Ac Motor Speed Controller

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MAH

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Any electrical folk out there know much about these speed controllers from Jaycar? Specifically if I used it on a 500w motor to make it run slower would this significantly affect the torque of the motor?

Cheers
MAH
 

vlbaby

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Any electrical folk out there know much about these speed controllers from Jaycar? Specifically if I used it on a 500w motor to make it run slower would this significantly affect the torque of the motor?

Cheers
MAH
Hi MAH,

This sort of stuff is right up my alley. Slowing down an AC motor without a significant loss of torque requires a Variable Frequency Drive. An AC motors speed is mainly governed by the 50 hertz ac power it is supplied, but in the case of a VFD, the AC is converted to DC then reconverted to an AC signal of the frequency of your choice.
The Jaycar kit your looking at will only only alter the average voltage not frequency, and will therfore only succeed in reducing torque to the motor not the speed.
Only in the case of some AC fans and split pole motors, this decrease in torque will result in a decrease in speed.
I'm guessing your thinking of using it on a grain mill, so I would say it will be totally unsuitable.

I hope I didnt bore you too much with the BS theory.

cheers :beerbang:

vl.
 

sintax69

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have this same controller which i used for my mill and it is not much good for low down torque i was using it on a drill to drive the mill and it just stalled all the time
 

jupiter

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Hi MAH,

This sort of stuff is right up my alley. Slowing down an AC motor without a significant loss of torque requires a Variable Frequency Drive. An AC motors speed is mainly governed by the 50 hertz ac power it is supplied, but in the case of a VFD, the AC is converted to DC then reconverted to an AC signal of the frequency of your choice.
The Jaycar kit your looking at will only only alter the average voltage not frequency, and will therfore only succeed in reducing torque to the motor not the speed.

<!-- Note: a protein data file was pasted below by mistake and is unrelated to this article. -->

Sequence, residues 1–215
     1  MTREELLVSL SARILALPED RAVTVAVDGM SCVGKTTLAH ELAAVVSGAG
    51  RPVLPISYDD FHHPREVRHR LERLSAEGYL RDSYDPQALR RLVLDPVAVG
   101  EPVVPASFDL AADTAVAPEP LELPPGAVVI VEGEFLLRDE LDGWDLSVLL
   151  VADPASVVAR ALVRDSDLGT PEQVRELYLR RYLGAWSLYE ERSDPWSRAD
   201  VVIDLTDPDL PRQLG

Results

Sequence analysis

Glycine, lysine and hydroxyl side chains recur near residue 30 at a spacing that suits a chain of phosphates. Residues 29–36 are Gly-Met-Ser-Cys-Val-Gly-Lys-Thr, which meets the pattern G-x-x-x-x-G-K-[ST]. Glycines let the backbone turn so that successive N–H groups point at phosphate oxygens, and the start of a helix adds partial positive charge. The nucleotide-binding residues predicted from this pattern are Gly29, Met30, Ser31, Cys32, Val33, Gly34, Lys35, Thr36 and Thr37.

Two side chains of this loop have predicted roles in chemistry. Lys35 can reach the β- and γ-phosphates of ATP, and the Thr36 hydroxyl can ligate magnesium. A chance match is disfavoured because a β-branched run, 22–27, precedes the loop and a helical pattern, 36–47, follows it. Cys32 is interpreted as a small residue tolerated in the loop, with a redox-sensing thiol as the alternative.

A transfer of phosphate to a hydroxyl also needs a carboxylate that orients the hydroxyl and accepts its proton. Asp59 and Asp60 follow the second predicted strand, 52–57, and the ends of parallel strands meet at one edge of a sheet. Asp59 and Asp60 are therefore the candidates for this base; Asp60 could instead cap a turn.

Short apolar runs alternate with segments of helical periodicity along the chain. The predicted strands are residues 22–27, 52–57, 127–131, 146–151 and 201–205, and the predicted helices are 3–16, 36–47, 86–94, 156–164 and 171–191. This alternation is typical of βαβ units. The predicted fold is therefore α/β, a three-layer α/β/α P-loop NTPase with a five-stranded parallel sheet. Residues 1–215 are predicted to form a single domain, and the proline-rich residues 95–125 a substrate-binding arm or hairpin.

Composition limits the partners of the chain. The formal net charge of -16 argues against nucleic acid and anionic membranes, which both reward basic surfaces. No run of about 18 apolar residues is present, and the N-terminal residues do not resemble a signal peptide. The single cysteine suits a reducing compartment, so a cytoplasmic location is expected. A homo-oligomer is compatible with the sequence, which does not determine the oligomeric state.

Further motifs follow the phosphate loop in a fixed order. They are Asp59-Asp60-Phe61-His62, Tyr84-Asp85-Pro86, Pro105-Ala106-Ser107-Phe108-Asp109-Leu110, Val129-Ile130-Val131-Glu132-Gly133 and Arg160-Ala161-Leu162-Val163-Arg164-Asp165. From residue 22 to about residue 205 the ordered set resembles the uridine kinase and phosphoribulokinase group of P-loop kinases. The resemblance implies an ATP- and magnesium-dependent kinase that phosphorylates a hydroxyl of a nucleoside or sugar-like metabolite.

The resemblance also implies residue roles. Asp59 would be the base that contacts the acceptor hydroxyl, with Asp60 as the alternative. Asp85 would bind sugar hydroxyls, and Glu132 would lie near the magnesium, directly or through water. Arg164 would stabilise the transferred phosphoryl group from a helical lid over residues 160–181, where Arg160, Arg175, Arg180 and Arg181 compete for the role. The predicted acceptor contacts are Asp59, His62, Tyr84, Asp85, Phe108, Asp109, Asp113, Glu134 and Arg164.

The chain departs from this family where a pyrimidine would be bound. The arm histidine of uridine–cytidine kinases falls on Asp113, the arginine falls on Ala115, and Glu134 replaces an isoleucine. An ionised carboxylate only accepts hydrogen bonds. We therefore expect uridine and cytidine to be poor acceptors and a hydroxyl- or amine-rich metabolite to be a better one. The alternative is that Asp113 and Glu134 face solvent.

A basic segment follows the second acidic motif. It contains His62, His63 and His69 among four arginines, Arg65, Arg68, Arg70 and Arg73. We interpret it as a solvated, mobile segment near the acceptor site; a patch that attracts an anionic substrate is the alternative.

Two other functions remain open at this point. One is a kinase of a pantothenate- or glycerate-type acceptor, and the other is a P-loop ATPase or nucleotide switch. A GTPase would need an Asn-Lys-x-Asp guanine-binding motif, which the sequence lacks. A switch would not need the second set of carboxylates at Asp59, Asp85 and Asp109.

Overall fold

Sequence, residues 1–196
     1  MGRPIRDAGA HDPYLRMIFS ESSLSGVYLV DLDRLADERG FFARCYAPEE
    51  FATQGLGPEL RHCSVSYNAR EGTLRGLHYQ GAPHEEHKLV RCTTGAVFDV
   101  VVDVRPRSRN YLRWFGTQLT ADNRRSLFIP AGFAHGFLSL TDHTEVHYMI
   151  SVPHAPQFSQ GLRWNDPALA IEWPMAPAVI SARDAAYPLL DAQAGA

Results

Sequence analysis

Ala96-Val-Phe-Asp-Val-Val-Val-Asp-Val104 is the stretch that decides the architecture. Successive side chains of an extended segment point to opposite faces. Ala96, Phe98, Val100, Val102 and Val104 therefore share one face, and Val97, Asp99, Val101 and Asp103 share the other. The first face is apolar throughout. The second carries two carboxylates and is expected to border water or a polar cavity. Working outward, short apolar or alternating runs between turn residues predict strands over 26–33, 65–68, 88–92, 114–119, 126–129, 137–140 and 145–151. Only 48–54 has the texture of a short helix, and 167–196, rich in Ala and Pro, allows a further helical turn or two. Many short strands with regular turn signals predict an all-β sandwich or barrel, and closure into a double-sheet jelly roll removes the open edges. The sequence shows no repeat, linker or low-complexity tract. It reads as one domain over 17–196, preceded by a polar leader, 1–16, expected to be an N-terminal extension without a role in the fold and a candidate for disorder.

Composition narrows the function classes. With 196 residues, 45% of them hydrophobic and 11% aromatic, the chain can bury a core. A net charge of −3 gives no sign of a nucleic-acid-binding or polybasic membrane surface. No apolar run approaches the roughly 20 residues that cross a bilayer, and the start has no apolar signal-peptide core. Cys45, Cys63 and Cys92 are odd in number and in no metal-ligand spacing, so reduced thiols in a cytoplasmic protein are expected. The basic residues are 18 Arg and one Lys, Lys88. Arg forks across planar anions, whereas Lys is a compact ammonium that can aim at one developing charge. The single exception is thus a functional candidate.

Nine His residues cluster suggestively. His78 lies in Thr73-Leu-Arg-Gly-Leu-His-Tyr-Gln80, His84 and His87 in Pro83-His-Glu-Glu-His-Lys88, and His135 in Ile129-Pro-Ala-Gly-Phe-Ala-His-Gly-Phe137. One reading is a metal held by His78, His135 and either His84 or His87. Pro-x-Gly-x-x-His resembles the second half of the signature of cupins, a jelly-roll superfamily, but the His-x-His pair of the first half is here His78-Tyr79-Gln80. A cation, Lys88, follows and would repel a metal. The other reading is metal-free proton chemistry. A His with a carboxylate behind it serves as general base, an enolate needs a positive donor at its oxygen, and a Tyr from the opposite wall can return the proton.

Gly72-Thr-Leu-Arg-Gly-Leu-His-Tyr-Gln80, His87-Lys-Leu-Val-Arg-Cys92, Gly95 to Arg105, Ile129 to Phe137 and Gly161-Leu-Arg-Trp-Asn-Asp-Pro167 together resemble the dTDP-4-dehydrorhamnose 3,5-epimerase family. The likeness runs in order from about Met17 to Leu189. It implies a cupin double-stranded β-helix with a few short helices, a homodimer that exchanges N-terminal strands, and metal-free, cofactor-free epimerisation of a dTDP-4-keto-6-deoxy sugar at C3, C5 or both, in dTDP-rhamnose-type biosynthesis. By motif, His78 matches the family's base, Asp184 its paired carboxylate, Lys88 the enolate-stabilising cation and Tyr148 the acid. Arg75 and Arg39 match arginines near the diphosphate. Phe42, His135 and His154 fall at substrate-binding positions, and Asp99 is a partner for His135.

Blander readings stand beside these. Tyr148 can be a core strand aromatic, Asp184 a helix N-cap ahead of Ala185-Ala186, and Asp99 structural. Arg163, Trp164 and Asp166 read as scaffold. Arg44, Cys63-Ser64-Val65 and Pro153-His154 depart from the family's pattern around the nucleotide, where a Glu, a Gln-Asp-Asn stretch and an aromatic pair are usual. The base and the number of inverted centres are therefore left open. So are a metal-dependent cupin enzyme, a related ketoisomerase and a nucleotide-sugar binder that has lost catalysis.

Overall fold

Only in the case of some AC fans and split pole motors, this decrease in torque will result in a decrease in speed.
I'm guessing your thinking of using it on a grain mill, so I would say it will be totally unsuitable.

I hope I didnt bore you too much with the BS theory.

cheers :beerbang:

vl.
not entirely true, but not entirely false either, it's just adding to the confusion because 2 types of AC motor are being spoken of here with two different types speed controllers as though they are one in the same. AC VSDs adjust the speed of a AC syncronous motor by adjusting the frequency. these types of electric motors, the speed is set by the frequency of the AC power source. the above jaycar speed controller uses a triac to control the amount of AC power delivered to a AC induction motor. most household mains powered AC motors are of the AC induction motor type.

edit:
just a quick reference link:
http://en.wikipedia.org/wiki/Electric_motor
gottalovewiki
 

AUHEAMIC

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Spot on Jupiter

I'm in the VSD game and just to add to what you have said it is possible to control a 3 phase synchronous motor with a 240 volt single phase power supply provided the 3 phase motor is dual voltage. IE 240 volt delta connection, 415 volt star connection. You can tell if a 3 phase motor is dual voltage by the number of terminals (studs) in the terminal box. In Australia a dual voltage 3 phase motor has 6 terminals. The 240 volt input VSD splits the single phase into 3 phases so if the motor is wired in 240 volt delta connection it will run fine.
 

Wortgames

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Hi MAH, depending on what you plan to do with it, a gearbox may be a better way of reducing speed without reducing torque (in fact you'll increase it).

Jaycar has some small gearbox kits but you could also try industrial bearing suppliers etc - maybe give the yellow pages a go.
 

vlbaby

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I assume you have a single phase induction motor MAH, so you could use a VSD to do the job, but its' too damn expensive. I'd go with wortgames suggestion and reduce the rpm by a gearbox of some kind, or even a pulley system etc.

cheers

vl.
 

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